The Sound of a Door Closing (Pt. I)



Just yesterday, though it wasn’t the first time, a parent stopped me on my way out of the school to ask how I was doing.  Had it been the first time, I may have stopped and stayed there to give her a more sincere answer.  I probably wouldn’t have replied with only a curt “okay,” and I probably wouldn’t have used a whimpering emphasis—oh pity me, please—in the tone to match my much undisclosed pathetic frustration from all the rejections that week.  Had it been the first time, I probably would have been more attentive when she replied with a calm wisdom, as if worldly recognized, “well, maybe the world is saying something and just saying it louder.”  At the time, it seemed like the sort of when there is no sincere answer, really.  But it is also the answer.  It is the answer to when we are seeking counsel; it is the answer to when someone else doesn’t know where we are going or what we are needing; it is the answer to when someone doesn’t know themselves.  In which case, the answer stuck with me for some time.


I remember some time ago hearing that in the Dine (Navajo) culture, and so ignorant I am as to where I’ve heard this or even if it’s a valid—forgive me of my appropriation—that there is a common understanding that if you did not hear something it was not meant to be heard.  So oftentimes, when I lived in western New Mexico, when I would blurt out, “what?” or “can you repeat that?” I didn’t always receive a reply.  I thought it was just a form of ignoring me, which I would also accept if that were true, too.  But no one ever explained to me the significance of when we do hear something.  Of course, I don’t only mean that causal acknowledgement of something said but that almost prophetic message behind even what may simply be a casual statement.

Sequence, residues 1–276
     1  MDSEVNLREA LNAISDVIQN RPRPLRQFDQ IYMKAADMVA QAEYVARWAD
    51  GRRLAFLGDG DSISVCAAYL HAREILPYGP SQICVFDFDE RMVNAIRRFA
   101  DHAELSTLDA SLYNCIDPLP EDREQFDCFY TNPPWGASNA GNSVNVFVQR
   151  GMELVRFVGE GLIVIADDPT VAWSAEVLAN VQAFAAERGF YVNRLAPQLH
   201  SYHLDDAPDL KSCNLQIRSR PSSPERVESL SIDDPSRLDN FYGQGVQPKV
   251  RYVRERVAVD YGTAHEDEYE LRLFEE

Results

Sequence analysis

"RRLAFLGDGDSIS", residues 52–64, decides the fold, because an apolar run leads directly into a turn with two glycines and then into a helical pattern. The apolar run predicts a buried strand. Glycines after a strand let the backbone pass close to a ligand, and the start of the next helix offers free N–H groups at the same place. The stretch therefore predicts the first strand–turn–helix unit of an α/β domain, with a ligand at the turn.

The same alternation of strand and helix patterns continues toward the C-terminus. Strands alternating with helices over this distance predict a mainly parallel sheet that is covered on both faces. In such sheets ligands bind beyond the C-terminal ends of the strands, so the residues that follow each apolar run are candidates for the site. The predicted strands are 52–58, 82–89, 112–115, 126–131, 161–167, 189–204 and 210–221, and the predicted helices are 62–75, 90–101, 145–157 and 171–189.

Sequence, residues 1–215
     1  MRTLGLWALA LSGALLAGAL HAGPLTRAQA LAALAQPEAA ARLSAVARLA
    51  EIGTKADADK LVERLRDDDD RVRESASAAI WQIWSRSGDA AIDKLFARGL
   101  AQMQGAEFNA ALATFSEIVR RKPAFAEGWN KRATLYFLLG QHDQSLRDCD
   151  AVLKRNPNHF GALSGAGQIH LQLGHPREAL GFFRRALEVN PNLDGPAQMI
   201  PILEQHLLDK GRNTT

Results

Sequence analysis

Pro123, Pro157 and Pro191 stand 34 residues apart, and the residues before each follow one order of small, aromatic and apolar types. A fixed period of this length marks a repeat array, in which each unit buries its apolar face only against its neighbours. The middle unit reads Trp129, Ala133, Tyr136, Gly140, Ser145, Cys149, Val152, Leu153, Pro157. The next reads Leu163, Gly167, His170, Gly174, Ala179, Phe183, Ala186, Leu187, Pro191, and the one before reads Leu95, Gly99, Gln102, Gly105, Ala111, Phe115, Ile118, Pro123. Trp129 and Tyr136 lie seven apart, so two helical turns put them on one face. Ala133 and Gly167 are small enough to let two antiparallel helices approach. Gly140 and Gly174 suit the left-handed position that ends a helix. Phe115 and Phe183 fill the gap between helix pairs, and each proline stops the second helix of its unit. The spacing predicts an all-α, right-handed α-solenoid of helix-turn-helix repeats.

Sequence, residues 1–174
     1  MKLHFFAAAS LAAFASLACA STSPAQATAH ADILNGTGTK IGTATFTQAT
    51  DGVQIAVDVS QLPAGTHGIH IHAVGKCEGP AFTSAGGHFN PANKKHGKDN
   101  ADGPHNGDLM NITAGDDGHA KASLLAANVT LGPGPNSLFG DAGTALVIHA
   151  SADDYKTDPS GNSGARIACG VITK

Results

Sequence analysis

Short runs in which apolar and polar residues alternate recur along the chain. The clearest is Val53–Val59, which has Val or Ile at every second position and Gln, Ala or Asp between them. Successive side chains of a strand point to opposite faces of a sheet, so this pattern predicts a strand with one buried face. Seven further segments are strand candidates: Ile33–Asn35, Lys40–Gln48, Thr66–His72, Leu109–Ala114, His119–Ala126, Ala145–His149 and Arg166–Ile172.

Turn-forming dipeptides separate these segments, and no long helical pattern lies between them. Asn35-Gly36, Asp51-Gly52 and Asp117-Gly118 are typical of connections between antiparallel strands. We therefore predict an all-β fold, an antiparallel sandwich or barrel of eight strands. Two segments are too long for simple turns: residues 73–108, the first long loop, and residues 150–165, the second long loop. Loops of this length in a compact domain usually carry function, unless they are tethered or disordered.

Anyways, I’ll spare you much of the details, but know that for just a moment I took the pitfalls of the world personal last week.  The pitfalls that I, as if lost or wandering in the long hallways of a confusing mansion, continued to find myself in.  Now tell me, what kind of listening is that?  No, it wasn’t uttered under someone’s breath or mentioned in passing but it is an idea that for some reason the world asked of me to listen to; it asked of me my attention.

The world has been telling me in its frank and loving way that what I am choosing over and over again is not best fit.  This is not to say, I’m making the wrong choice, no, but it is to say that whatever choice I’m making does not fully honor and reflect what I want.  Maybe it’s out of some cowardice, some procrastination, or maybe some fear of actually putting the work in to upholding the very life I want.  For whatever reason, maybe the world only knows I will listen when I hear the sound of closing doors.  Not to say you’re unwelcome here, not to say, “we’re not interested,” but to say, in the world’s frank and loving way, “Some days I hold my breath and hope you don’t show up here.  Look, it’s not because I don’t want you here, it’s because I love you and I know you deserve something better.”

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